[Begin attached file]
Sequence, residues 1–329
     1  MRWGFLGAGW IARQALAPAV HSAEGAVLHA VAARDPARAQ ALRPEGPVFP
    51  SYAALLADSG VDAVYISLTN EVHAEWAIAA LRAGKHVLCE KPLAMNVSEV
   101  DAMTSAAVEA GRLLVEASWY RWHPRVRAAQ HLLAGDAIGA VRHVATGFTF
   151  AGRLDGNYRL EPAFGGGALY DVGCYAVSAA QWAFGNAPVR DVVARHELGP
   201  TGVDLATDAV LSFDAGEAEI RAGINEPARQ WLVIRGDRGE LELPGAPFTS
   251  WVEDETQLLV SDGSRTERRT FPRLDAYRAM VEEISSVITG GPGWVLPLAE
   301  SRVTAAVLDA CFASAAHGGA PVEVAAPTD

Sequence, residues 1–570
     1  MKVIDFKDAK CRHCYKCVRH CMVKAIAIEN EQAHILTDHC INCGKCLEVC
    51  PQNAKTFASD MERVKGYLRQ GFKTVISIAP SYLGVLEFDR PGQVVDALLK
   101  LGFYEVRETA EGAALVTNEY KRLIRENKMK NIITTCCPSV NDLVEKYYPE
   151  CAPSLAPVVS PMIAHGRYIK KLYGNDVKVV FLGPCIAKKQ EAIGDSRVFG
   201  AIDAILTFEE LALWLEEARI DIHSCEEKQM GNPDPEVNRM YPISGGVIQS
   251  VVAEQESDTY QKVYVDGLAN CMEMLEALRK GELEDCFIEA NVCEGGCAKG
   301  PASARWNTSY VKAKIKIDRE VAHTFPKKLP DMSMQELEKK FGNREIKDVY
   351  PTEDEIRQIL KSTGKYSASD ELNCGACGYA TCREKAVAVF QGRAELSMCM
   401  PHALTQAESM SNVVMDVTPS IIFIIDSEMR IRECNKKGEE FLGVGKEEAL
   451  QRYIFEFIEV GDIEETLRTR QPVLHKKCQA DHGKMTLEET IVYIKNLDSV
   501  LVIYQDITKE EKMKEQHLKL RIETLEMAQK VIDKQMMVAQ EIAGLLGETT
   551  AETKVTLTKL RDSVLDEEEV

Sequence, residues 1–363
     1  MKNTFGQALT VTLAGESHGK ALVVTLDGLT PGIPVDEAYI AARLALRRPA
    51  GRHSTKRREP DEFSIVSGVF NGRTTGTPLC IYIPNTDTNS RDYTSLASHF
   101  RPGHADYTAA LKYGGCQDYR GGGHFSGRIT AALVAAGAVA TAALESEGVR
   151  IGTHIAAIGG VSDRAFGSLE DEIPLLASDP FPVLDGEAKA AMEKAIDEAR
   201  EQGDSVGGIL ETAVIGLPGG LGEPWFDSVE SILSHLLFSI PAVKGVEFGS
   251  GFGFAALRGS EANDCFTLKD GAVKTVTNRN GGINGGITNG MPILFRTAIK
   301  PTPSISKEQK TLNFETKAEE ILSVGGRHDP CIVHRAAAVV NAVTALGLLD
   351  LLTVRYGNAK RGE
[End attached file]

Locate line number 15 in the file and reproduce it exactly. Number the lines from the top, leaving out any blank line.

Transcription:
   251  VVAEQESDTY QKVYVDGLAN CMEMLEALRK GELEDCFIEA NVCEGGCAKG